Antony Marcano's blog

My Tack on Effective Change

One of the key characteristics of how we coach our clients’ teams is that we help them start from where they are and introduce small, frequent changes that help them progressively achieve their goals.

Browse by topic:

youDevise series on my new blog

I've started a new series on my blog... it's a weekly diary of what it's like to work with youDevise as a developer. I thought it might prove interesting to those considering working there in the future... since they are frantically hiring.

You can read the diary on my new blog.

Wondering why I have a new blog?

Monsters, Names, Pot-Roast & The Waterfall Model

“Antony” (without the ‘H’) is the anglicised version of Antonius. In victorian times (there or thereabouts I’m guessing), among those wishing to appear oh so intelligent, gossip spread that the spelling of “Antony” was wrong… For, so they would say, it is born of the greek word “anthos” (meaning “flower”) – oh dear… so many poor children with misspelt names…

Browse by topic:

My blog has moved... but don't panic...

I’ve decided to move my blog. This is a sad day for me, but my posts have long-since outgrown testingReflections. The content of my blog posts is now about so much more than just testing that it doesn’t seem to make sense hosting it here anymore.

I’m still the curator of testingReflections and intend to continue to be so, as I still get many people telling me how valuable it is to them. I have many plans for it, to bring it up to date but I simply haven’t had the time. I am working hard to make that time, so I appreciate your continued patience.

Feature Injection User Stories on a Business Value Theme

Feature Injection, an approach to Agile Business Analysis created by Chris Matts, is a much misunderstood thing &#8211. It is a way of combining several techniques to understand just enough of a business problem to start expressing solutions to it. It provides specific techniques to incrementally and iteratively comprehend each of the following:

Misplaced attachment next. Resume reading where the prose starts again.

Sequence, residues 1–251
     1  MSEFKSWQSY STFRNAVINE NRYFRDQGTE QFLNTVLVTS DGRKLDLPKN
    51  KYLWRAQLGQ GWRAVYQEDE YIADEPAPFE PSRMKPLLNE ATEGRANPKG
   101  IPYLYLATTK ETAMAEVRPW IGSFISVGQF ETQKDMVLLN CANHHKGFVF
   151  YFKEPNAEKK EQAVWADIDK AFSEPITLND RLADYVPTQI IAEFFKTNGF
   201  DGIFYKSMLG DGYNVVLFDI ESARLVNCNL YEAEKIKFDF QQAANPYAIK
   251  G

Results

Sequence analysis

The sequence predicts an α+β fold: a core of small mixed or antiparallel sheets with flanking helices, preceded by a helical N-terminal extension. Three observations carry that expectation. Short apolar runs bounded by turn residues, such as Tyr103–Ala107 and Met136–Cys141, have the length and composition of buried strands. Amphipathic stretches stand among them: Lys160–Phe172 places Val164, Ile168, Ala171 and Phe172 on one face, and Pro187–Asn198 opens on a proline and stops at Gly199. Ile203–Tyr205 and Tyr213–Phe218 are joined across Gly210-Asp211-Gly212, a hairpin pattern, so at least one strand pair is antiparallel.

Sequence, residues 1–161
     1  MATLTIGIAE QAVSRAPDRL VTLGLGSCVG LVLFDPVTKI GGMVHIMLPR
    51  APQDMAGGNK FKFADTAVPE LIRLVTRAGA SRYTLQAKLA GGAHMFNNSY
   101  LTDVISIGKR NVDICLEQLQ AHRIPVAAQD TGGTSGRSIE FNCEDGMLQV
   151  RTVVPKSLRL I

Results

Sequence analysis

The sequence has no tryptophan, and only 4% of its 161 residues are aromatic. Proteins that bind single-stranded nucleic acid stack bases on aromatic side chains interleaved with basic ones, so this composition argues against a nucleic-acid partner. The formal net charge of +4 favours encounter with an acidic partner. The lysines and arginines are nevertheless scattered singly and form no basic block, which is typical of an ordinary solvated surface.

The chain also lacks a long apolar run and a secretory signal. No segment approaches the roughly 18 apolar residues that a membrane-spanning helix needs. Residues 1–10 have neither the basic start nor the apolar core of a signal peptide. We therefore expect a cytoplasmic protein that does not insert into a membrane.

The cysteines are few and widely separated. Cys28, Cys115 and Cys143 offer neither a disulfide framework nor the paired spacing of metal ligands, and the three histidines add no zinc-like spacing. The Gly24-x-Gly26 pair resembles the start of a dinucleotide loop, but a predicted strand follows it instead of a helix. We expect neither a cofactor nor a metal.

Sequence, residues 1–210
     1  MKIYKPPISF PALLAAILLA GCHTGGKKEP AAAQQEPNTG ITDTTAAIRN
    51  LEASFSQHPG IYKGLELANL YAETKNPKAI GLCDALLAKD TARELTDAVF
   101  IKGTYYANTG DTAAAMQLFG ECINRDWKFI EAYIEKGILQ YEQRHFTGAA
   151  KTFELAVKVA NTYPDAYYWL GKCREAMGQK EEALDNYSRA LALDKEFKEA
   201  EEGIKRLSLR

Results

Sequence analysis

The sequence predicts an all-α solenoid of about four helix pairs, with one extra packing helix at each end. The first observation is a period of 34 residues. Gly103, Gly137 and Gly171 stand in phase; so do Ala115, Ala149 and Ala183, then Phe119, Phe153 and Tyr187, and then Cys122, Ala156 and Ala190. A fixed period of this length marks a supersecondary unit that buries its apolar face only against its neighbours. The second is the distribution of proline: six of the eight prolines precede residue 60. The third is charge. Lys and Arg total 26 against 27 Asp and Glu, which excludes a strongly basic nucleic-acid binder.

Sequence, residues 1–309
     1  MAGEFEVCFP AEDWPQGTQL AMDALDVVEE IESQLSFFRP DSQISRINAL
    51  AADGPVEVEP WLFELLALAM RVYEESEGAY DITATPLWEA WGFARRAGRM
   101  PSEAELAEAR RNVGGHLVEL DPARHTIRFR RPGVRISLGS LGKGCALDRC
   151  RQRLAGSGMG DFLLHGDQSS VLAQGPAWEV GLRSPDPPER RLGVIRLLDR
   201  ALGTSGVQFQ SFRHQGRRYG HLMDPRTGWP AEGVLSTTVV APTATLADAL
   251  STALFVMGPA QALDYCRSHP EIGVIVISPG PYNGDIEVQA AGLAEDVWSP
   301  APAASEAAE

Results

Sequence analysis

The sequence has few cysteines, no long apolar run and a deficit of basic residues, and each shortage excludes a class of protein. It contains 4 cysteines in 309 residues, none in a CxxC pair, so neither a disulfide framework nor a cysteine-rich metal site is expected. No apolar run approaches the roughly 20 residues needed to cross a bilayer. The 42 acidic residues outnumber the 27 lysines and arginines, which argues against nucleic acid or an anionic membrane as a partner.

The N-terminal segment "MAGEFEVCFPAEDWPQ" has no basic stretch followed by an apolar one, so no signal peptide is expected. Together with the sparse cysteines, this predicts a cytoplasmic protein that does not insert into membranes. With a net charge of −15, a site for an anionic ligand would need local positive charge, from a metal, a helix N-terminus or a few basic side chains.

• The business value sought (the why)
  • The problem domain (what specifically needs solving to deliver that value)
  • The resulting roles, incentives and product capabilities (the solution)

Basically, it helps us to evolve everyone’s understanding of the business-need as we (by other means) also evolve the implementation of the product.

Browse by topic:

Developer Race-Tech: Continuous Testing

Gearboxes in competitive motor racing are designed to shift as fast as possible. A competitive race-car has computer controlled, hydraulically activated gear shifts that change gears up or down faster than you can blink (literally)! Compare that to the circa 1 second gear-shift a competent driver takes to manually de-clutch, change gear and re-clutch on a road car. Even automatic gearboxes on road cars can't keep pace with the rapid gear changes that a race car delivers.

Browse by topic:

Adaptive Budgets? "Pull" the other one!

Recently, I wrote about my views on using and estimating with task-cards. I highlighted that tracking progress with burn-up/down charts showing effort completed/remaining is not a true measure of progress, especially if we subscribe to the idea that we measure progress with working-software.

I also highlighted how tasks "horizontally slice" a "vertically sliced" story.

Taking repetition to task

Others have talked about the virtues of stories as vertical slices of a problem (end-to-end capabilities) rather than horizontal slices (system layers or components). So, if we slice the problem with user stories, how do we slice the user-stories themselves?

If, as I sometimes say, acceptance tests (a.k.a. examples/scenarios/acceptance-criteria) are the knife with which we slice a story into even thinner vertical slices, then I would say my observation of 'tasks' is that they are used as the knife used to cut a story into horizontal slices. This feels wrong...

Pages

Subscribe to RSS - Antony Marcano's blog